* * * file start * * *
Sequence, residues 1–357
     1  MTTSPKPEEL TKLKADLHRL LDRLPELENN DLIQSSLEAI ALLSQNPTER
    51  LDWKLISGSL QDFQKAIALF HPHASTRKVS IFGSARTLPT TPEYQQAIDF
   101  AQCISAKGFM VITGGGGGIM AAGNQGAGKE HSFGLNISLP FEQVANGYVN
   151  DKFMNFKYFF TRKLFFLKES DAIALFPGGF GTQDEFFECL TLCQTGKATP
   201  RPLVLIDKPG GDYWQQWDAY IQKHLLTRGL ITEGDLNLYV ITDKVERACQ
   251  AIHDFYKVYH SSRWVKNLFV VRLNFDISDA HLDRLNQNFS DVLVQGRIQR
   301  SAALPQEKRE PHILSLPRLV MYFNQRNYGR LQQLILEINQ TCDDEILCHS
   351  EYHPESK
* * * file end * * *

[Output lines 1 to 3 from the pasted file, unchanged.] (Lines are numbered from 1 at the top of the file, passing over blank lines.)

Sequence, residues 1–357
     1  MTTSPKPEEL TKLKADLHRL LDRLPELENN DLIQSSLEAI ALLSQNPTER
    51  LDWKLISGSL QDFQKAIALF HPHASTRKVS IFGSARTLPT TPEYQQAIDF